What’s with the gratuitous Cadel-bashing in the second post of what wad clearly intended to be a bagging session of Big George?

    Hoping for George (even as a non-American I do it) reminds me a little of my younger years watching Greg Norman play US Majors – just wanting him to win just one. I am still getting over the 96 Masters…

  4. Well said, Frank. As an unabashed Big George homer (as stated before, Greenville native), I’ve gotten to the point where the anguish at watching yet another missed opportunity is not only dreaded, but expected. What makes the sting that much sharper is the fact that George is such a good guy. Yes, I know it’s been said, but he’s not just a nice, approachable fellow as PROs go. The man cares, and he backs it up with his time and money. He actively participates in the community, raising awareness, showing up for and putting on races (he’ll show up to shell the regional pros in Hincapie spring series in February in the middle of a training day) and even showing up for charity rides in the offseason to help raise money for local wrenches and bike shop people with medical issues. Because of George, locals like Craig Lewis and Chris Butler are in the Giro right now (at least until Chris crashed out), and more are on the way (keep an eye out for Andy Baker with Bissell who just won an NCAA championship for his college team).

    Maybe it’s the fact that I grew up a Red Sox fan and saw them slay the dragon in 2004, but I can’t help but to let hope spring eternal for our man. He rips my heart out every April, but I will keep coming back until he’s done. There are worse examples to want to emulate.

  5. @Brett
    I would add a few more differences such world no. 1 for years on end and two British Opens. But as to personalities Shark is probably more COTHO than Big George.

    As to Franks call on learning from mistakes , you can get two types of learning-15 seasons of exprience or one season’s experience 15 times

  6. Well said Frank!
    I’m a very old fan of him, I’d say since the beginning, since he turned pro.
    He is the precise case where I like what he could win and not what he actually won.
    I think it’s a fantastic thing after many, many years of disappointments that we don’t give up on him.

  7. @Bo
    Completely off topic, but the NCAA and collegiate cycling are two different things. If NCAA ran it instead of USAC, guys like Andy Baker wouldn’t be allowed to participate. In fact, anyone who received prize money from cycling (even a Cat 4) would technically be ineligible.

  8. @Pedale.Forchetta, @Bo, @Brett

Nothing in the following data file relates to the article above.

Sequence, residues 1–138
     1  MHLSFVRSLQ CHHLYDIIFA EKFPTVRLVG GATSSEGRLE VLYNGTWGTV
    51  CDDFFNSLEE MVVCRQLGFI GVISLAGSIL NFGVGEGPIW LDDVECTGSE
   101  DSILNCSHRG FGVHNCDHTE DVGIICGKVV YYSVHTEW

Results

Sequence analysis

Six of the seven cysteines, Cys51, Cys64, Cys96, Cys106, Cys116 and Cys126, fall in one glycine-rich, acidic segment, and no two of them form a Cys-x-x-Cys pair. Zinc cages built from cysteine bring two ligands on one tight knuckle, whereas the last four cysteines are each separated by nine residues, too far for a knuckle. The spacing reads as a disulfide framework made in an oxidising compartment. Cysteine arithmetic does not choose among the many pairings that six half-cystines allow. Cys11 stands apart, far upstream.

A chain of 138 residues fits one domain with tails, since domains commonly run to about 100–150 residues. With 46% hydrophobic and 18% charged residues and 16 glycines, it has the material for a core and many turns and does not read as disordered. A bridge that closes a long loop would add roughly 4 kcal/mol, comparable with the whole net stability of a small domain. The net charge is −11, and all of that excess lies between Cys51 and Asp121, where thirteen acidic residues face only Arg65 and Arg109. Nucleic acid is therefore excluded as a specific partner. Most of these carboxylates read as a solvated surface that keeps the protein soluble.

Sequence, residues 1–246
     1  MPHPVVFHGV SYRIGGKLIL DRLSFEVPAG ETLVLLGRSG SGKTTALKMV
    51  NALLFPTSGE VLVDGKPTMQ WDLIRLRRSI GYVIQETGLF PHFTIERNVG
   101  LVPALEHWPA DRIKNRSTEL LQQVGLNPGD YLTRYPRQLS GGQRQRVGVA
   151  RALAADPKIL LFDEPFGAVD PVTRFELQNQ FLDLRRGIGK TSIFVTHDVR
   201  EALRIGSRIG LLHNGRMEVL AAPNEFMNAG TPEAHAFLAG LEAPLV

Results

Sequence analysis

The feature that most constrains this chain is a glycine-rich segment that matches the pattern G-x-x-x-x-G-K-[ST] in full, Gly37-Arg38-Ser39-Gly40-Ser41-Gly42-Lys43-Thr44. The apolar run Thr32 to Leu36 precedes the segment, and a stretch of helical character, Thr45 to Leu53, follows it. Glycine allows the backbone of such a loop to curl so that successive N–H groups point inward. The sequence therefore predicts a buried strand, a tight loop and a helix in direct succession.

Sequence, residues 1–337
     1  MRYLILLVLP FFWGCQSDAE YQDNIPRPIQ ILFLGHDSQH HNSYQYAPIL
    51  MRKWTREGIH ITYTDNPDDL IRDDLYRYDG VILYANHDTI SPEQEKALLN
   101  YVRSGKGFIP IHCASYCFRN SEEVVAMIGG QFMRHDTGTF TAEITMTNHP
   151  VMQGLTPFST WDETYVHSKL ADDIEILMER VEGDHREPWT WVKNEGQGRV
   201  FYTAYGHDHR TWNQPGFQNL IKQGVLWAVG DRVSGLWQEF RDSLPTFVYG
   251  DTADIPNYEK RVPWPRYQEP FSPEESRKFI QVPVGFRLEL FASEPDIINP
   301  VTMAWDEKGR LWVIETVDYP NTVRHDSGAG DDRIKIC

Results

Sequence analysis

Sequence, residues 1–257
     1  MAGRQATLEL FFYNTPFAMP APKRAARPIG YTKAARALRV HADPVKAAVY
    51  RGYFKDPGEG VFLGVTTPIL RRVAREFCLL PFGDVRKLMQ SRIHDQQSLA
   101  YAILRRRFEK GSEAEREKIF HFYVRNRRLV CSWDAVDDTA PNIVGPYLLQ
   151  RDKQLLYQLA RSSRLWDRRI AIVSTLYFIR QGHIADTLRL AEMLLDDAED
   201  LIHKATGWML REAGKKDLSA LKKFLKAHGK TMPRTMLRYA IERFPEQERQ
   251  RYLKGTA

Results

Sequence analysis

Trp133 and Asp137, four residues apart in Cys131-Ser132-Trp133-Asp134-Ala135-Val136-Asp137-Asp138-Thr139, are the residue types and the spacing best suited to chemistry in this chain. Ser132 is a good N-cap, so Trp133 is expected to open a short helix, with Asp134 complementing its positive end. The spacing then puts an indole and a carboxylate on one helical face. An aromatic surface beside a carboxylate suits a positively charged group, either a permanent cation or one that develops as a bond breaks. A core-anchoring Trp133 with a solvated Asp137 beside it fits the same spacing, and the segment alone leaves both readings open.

And that’s one of the really tough things about George; I’ve never met him but I know a guy really well who raced with him back even as juniors and he was even then the nicest guy ever. I’ve literally (not figuratively) never heard anyone say anything other than that he’s just an Aces guy.

    I just wish he liked getting on podiums more than he liked making excuses.

    And, of course, there’s just the easy freebies like the wearing of the shoe covers all the time, and the shots around like this

    or this

    or this

    but for each of those, there’s one of these:

    or these

    On the bike, so long as there’s not a finish line involved, he’s nothing but PRO. Off the bike…well…

  9. Frank. Well written as always. I have to concur with everything except the 2009 st14 reference. George was instumental in driving that break most of the day, and by the end when Ivanov was one of several riders making breaks, for me it wasn’t a case of George choosing the wrong wheel to follow, but more a case of him having to get to the line in the shortest possible time, ie find his tempo and hopefully get some help – which i think under the circumstances he did. What happened behind was another story, and i think George learnt a lot from it. Yet more experience….

  10. @frank… great article. I ride with a guy who used to be a US-National Team rider and ex-pro, who rode a lot with Big George. I made the fatal mistake of calling Big George a pussy on a ride one day… the withering look I got back was only the start… the lecture that followed (dished out on the biggest climb of the day, where I was in bits, and this guy wasn’t even out of breath as he berated my ignorance)… in his view, Big George is one of the hardest men he’s ever ridden with… his point was there are two things: 1. your talent; 2. your ability to push yourself… there are many people with lots of 1. who fall down because they lack 2. His view of George was that he actually doesn’t have as much of 1. as people think, because he has bucket loads of 2…. and in his career he has far surpassed what could reasonably be expected of him to achieve given his ok-ish (in respect to the rest of his peers in the peloton) talent… I like this description of him, as it gives all of us average (in respect to the other middle aged fat people who live in London) men hope that by laying down enough of the V we can overcome our physiological shortcomings….

    A good tribute to a great guy. My heart went out to him in 2009: it would have been nice for him to wear yellow again.. he’s spent his grand tours in the service of others, and that is noble